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Wednesday, August 15, 2012

Steinbuch Reviews Brian Tamanaha's New Book, Failing Law Schools

FailingRobert Steinbuch (Arkansas-Little Rock) reviews the new book by Brian Tamanaha (Washington U.), Failing Law Schools (University of Chicago Press, 2012) in the National Law Journal:

Tamanaha does not seek to indict law schools. He seeks to reform them — a goal that he has pursued for many years. As a law professor, I find many of his arguments persuasive. ...

Tamanaha offers several reform suggestions, such as allowing schools to have two-year J.D. programs, stripping the ABA of its inappropriate and harmful monopoly over law school accreditation and limiting the maximum federal aid available to law schools — as well as tightening the requirements therefor. Tamanaha speaks truth to law school institutional power and has done so throughout his career.

He names names and identifies schools in a noble effort to tell the story of how legal education arrived at its current position. Failing Law Schools is a must-read for all legal academics, prospective law students and anyone else interested in law schools.

Other reviews of Failing Law Schools:

http://taxprof.typepad.com/taxprof_blog/2012/08/steinbuch.html

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Comments

Meh. "Failing Law Schools is a must-read for all legal academics, prospective law students and anyone else interested in law schools."

10 other reviews already. It is only a must read if you have been on Mars for the last 5 to 7 years.

Posted by: tax guy | Aug 15, 2012 4:50:59 AM

If Tamanaha thinks law schools are such a scam, why does he keep teaching?

Posted by: michael livingston | Aug 16, 2012 2:31:58 AM

Because Tamanaha doesn't actually believe his own arguments.

This book could have been a law review article or series of blog posts and posted online for free download. More people would read it. And "articles for all" is certainly more consistent with Tamanaha's declared "law school for all" ethos than a book with a pay wall. It's only a book because Tamanaha wants to get paid.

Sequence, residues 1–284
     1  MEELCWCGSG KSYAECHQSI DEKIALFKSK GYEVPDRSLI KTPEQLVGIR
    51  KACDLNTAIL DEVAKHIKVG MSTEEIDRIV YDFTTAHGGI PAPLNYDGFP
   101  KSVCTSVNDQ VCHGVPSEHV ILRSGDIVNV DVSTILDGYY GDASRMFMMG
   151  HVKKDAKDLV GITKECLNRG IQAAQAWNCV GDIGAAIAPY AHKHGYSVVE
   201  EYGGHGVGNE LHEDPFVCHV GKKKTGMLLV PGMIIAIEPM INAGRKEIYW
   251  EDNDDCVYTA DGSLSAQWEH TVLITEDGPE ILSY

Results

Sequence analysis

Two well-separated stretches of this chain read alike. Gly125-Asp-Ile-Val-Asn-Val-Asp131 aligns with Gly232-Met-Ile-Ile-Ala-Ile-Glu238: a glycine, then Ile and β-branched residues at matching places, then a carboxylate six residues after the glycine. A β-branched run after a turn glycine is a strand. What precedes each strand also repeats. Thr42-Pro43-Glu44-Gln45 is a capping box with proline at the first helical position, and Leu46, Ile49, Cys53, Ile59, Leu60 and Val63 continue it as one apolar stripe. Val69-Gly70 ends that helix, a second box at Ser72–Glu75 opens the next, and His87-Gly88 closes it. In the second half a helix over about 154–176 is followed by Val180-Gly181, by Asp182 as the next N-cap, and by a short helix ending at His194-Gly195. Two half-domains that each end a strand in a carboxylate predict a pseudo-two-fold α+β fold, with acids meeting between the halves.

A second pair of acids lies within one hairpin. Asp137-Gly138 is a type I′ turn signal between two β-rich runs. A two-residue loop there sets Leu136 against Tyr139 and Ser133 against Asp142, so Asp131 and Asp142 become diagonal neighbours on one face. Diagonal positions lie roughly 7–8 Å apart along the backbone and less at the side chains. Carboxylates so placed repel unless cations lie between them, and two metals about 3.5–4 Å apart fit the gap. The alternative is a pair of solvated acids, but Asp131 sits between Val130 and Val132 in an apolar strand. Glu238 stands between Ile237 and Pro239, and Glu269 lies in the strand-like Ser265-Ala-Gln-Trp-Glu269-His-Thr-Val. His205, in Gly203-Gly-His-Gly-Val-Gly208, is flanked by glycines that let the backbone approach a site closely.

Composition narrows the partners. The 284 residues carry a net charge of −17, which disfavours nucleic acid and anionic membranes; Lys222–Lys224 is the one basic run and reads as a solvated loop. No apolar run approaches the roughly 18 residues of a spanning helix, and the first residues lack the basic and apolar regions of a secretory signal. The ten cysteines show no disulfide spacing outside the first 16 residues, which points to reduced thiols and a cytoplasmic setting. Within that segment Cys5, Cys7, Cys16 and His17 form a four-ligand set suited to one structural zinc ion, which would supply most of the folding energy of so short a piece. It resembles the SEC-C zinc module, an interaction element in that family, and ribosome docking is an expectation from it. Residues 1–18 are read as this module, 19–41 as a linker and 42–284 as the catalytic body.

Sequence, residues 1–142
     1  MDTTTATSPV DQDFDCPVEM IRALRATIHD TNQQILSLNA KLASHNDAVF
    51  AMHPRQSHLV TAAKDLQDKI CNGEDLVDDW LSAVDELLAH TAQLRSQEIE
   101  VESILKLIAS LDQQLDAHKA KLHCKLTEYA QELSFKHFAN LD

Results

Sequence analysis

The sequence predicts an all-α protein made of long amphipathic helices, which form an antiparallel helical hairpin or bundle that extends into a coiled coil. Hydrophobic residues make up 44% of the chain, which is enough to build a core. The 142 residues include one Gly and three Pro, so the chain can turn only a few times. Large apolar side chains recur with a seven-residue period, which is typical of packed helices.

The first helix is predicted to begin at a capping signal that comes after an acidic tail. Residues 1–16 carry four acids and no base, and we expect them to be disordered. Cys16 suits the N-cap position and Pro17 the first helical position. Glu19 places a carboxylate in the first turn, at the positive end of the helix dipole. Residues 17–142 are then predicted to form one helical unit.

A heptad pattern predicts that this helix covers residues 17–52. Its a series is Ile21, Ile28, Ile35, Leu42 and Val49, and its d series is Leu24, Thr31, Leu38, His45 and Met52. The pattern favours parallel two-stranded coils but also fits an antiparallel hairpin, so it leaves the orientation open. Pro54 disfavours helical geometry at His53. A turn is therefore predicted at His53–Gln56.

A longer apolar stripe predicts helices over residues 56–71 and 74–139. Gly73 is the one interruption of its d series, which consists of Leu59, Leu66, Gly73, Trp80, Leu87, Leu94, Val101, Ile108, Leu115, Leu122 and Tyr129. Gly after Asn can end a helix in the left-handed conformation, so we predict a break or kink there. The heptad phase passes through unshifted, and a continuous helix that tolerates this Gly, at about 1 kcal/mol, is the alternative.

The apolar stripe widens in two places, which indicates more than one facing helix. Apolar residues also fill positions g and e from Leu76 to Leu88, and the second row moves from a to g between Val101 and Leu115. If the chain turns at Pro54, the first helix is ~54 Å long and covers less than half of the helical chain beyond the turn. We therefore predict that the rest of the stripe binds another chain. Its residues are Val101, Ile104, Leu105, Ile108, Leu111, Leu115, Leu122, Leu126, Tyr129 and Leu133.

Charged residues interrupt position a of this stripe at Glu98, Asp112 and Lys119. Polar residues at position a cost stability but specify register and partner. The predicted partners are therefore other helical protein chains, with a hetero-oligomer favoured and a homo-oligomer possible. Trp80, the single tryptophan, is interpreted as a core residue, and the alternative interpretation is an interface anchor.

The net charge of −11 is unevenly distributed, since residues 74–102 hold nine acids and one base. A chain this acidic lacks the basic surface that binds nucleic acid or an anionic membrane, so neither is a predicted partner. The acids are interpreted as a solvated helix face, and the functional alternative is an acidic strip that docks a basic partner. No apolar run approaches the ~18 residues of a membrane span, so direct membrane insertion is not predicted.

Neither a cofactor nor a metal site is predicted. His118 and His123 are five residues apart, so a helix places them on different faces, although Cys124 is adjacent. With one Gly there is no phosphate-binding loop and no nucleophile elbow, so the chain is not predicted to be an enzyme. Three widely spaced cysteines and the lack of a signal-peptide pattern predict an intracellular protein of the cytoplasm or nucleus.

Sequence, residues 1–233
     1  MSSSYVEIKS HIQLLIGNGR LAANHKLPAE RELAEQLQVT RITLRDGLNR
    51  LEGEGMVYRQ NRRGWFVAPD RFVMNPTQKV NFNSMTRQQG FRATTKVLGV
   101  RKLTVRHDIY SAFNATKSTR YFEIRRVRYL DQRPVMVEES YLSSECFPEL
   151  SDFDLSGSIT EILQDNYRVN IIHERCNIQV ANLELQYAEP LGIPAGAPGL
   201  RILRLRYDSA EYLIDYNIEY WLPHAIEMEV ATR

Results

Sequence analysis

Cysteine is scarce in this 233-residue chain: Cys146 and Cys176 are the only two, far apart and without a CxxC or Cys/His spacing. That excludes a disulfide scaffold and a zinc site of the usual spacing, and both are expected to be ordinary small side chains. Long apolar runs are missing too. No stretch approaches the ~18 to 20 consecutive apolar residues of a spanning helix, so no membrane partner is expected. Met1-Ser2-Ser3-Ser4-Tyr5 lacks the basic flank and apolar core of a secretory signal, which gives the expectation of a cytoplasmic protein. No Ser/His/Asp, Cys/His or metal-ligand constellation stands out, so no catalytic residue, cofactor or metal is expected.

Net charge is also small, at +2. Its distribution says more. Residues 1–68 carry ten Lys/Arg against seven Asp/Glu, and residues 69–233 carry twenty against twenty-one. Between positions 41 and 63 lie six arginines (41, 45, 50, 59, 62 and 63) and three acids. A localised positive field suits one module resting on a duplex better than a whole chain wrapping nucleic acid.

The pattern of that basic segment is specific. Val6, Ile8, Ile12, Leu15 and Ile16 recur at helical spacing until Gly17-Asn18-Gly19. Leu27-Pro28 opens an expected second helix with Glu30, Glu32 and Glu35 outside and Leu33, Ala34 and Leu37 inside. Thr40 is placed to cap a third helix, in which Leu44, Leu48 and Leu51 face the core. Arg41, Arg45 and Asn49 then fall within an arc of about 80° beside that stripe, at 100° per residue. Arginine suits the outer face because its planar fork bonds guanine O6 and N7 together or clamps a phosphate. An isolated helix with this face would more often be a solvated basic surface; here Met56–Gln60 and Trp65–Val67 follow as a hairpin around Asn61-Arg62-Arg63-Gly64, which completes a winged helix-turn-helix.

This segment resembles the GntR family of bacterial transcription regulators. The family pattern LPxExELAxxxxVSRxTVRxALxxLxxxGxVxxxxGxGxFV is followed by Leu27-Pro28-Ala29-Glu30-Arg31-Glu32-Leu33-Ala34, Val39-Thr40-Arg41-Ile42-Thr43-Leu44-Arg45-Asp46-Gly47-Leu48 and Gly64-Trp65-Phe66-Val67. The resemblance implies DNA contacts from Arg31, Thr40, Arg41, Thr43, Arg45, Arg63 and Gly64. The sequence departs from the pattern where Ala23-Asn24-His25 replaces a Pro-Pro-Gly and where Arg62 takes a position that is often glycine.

You see, as a law professor, Tamanaha isn't paid enough. So "all legal academics, prospective law students and anyone else interested in law schools" should pay him.

Of course, every other law professor in the country is paid too much.

Posted by: Anon | Aug 16, 2012 6:08:12 AM

"Because Tamanaha doesn't actually believe his own arguments."

On what are you basing this assertion?

Tamanaha will hardly make any money on this book, and anything he does make will be donated.

Posted by: Anonymous | Aug 17, 2012 7:42:16 PM

A lot of oversimplification in the article. One of the biggest reasons for tuition increases at law schools at public universities is that the amount of state funding. or the lack of it. State law school I went to in the late 1980's state covered 75% of law schools costs, tuition, about 25%. Now the law school gets no funding from the state. This translates into a 300% increase in tuition, even if the school had kept its operating costs fixed for the last 25 years.

The article makes no comparison of tuition increases in law schools versus other advanced degree programs. Is it higher or lower than for other programs.

Also the article does not compare employment rates now versus in the past. Back when I graduated a significant portion of graduates did not go into law, about 20% went into other professions, most of which utilized the legal training but were not "lawyers".

Posted by: Best Law Schools | Aug 31, 2012 12:35:05 AM